Disability & isolation

Although I never knew what was wrong with me as a child, I found myself working on internal dialogue in the hope that being positive would one day allow me to find out what I had been dealing with for years.

Because my physical difficulties were always present, it made thinking about anything else extremely difficult. I knew back then that there was no muscle tone in both my left leg or foot and that my left arm was a lot weaker than my right. It would take me many years through a Neurological Physiotherapy assessment, to also find out that my left arm was also part of the Cerebral Palsy equation.

Neurologically I always knew I was different. Because of my neurological issues, I came across as distant, aloof and prim and proper, yet underneath I was the complete opposite. I always had a problem with normal every day smells, sight and certain sounds. Although I never initially understood why I was different, no one else ever took the time to equate why. They thought it was just me.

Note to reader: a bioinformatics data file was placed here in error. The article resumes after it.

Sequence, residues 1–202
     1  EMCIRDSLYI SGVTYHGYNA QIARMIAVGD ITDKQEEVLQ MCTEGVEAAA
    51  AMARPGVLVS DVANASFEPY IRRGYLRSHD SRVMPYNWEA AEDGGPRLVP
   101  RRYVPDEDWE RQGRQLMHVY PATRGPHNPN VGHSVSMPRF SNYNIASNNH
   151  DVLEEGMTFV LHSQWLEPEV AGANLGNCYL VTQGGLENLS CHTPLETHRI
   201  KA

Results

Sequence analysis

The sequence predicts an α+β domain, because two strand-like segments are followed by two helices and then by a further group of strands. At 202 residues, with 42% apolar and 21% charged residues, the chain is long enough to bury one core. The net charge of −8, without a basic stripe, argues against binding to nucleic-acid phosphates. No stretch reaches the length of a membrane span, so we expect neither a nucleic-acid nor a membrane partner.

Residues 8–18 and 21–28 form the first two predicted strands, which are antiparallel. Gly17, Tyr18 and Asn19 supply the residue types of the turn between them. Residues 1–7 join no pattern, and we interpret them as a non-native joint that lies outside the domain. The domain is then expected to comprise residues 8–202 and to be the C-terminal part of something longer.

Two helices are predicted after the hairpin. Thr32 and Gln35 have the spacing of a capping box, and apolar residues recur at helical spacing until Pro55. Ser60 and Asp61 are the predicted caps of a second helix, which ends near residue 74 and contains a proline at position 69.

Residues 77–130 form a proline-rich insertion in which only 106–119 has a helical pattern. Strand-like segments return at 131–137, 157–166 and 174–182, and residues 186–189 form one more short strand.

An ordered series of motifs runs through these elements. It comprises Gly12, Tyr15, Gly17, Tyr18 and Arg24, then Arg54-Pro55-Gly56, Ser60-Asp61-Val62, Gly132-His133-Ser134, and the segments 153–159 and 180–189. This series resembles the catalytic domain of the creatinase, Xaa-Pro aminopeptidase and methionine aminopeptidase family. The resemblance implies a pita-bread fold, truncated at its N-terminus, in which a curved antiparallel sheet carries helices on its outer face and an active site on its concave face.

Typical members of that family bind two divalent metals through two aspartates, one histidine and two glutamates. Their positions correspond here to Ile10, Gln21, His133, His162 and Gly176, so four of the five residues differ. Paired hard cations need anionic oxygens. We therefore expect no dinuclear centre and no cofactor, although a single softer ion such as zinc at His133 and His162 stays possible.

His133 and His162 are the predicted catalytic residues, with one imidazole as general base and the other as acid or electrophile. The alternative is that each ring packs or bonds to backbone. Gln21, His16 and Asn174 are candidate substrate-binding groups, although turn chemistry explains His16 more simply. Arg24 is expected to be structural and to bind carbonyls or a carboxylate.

When it comes to any disability of course, the physical restraints will always separate us because we have to cope emotionally on our own, but the neurological effects, will have far wider reaching consequences as far as understanding by other people are concerned.

Unless we’re around people who understand and are willing to adapt and co-exist along side us, living with any kind of disability, is isolating, both emotionally and physically. I believe that isolation may not always be about us and what we deal with.

It’s often brought about because of issues other people haven’t yet dealt with themselves and that takes them away from us emotionally.


22 Aug, 2016

2 thoughts on “Disability & isolation

  1. I completely understand your last paragraph. The isolation, the fact that people are unfeeling in sense, intolerant because they haven’t dealt with a disability themselves.

    Our society has a long way to go in breaking down stereotypes and eliminating ignorance based on ignorance. The fact that you have to repair your inside because someone else’s inside is screwed up.

    1. Thanks Tim. Yes, I believe we have a long way to go in breaking down stereotypes, but don’t you think in general it’s just common decency for us to communicate and be understanding, particularly around those who deal with a disability.

      Perhaps we need to go back to basics on how we perceive our experiences and our lives so that we can make a few changes along the way. I know that if we did we would contribute to our lives and co-exist that much better.

Leave a Reply

Your email address will not be published. Required fields are marked *